Tea party for historical women
Elizabeth Blackwell was there. She was the first woman to receive a medical degree in the United States. So was Mary Ann Shadd, the first black woman publisher in North America and Canada.
Blackwell and Shadd came courtesy of St. Catherine University students Jule Muegge ’15 and Sarah Moundandanga-Lucka ’15. The duo — students in the honors course “Women Alone in a Time of Change” — had spent the past few weeks studying the era in which the two historical women lived. The result: Two captivating soliloquies, delivered in what the students imagine are their voices.
Also at the December honors seminar-tea party in Coeur de Catherine were:
- Mary Harris “Mother” Jones, found (1905) the Industrial Workers of the World (Sarah Larsen ’16)
- Mary Cassatt, painter and printmaker (Lizzie Cleary)
- Henrietta Szold, founder of Hadassah, the Women's Zionist Organization of America (Emma Flood ’15)
- Alice Hamilton, founder of occupational medicine (Odilia Mentari ’17)
- Florence Sabin, medical researcher (Katie Zarbock ’16)
- Willa Cather, author (Nusaiba Imady ’15)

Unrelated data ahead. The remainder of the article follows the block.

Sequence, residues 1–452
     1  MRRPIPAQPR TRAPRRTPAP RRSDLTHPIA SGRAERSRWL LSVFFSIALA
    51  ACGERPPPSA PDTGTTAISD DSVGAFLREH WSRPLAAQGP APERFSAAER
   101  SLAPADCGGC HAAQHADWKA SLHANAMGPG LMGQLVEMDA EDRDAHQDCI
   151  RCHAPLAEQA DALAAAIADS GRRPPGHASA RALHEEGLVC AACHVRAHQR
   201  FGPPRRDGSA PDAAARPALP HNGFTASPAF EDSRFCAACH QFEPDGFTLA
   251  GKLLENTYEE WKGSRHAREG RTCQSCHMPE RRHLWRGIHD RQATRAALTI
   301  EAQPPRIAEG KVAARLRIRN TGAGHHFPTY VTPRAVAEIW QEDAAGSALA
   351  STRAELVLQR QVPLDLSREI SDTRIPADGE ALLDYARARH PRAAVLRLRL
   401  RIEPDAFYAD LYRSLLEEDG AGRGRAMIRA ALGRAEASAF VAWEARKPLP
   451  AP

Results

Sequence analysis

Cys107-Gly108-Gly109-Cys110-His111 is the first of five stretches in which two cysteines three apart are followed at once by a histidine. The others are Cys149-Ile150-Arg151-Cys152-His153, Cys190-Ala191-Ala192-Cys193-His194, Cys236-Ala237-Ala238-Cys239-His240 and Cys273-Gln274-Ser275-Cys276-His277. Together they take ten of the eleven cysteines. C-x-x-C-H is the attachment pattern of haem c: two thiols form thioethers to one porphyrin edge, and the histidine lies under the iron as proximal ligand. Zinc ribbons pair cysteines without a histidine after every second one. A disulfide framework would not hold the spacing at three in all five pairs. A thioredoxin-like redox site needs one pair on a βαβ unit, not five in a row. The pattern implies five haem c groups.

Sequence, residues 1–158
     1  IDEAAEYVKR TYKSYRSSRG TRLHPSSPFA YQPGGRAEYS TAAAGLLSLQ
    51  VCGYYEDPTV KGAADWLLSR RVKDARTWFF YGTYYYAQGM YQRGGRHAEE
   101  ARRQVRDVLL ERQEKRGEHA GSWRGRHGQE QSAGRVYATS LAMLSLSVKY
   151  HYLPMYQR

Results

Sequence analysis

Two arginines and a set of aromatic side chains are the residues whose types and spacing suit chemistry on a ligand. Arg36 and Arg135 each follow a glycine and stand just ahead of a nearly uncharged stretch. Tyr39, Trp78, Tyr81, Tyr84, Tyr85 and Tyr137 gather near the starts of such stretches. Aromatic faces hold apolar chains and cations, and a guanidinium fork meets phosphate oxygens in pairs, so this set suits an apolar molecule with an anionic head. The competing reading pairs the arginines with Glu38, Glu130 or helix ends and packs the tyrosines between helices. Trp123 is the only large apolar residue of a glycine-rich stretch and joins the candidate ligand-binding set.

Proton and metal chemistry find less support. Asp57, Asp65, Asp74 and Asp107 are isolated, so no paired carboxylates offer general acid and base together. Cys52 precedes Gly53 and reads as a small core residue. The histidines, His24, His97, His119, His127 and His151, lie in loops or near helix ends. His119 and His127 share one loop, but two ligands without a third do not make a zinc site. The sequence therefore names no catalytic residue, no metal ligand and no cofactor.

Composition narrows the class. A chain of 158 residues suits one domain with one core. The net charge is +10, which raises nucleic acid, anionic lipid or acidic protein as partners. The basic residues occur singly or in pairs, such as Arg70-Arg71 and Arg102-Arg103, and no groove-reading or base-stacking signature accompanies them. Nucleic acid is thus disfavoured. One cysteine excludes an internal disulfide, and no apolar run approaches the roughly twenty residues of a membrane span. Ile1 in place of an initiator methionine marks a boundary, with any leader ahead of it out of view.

- Elizabeth Arden, founder of cosmetics empire (Anya Race ’17)
- Karen Horney, psychoanalyst (Sam Lauth)
- Jovita Idar, journalist and activist (Jessica Carrillo ’16)
- Zora Neale Hurston, author and anthropologist (Ikram Kolisa)
- Rachel Carson, marine biologist and conservationist (Julia Zyla ’17)
Professors Gay Herzberg and Louise Edwards-Simpson co-teach the course, which focuses on the lives and writings of influential American women who spent their days largely unmarried from the post-Civil War years until World War I.
The Honors Program and Sister Mona Riley Endowed Chair for the Humanities sponsored the 19th century tea party menu.
Read more about this course and its “tea party” project: “Students bring historical women to life”